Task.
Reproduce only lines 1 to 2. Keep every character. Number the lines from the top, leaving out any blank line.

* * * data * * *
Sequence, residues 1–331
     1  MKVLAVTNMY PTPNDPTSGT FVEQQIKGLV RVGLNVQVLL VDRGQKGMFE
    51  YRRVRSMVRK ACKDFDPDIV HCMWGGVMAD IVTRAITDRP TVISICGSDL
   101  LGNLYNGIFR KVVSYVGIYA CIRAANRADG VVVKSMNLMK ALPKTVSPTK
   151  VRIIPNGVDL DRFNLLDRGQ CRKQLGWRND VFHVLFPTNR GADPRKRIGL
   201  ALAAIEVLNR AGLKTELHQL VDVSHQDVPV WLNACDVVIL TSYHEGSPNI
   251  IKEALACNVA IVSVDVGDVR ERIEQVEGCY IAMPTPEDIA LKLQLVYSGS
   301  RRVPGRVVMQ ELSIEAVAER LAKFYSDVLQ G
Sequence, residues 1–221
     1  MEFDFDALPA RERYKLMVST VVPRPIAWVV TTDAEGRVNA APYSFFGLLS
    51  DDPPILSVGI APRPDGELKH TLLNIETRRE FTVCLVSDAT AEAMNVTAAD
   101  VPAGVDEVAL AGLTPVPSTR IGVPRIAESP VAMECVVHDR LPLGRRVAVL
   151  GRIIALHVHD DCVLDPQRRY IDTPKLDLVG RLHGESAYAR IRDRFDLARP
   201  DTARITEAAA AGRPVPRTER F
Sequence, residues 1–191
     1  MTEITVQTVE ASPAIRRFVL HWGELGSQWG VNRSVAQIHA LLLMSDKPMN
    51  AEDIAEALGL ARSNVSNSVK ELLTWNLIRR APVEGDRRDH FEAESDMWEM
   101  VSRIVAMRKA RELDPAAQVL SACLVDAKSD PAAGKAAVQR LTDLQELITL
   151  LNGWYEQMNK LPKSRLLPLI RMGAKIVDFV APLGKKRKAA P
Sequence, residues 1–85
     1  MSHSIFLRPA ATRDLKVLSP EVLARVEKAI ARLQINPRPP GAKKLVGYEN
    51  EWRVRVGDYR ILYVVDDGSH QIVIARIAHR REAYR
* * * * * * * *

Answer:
Sequence, residues 1–331
     1  MKVLAVTNMY PTPNDPTSGT FVEQQIKGLV RVGLNVQVLL VDRGQKGMFE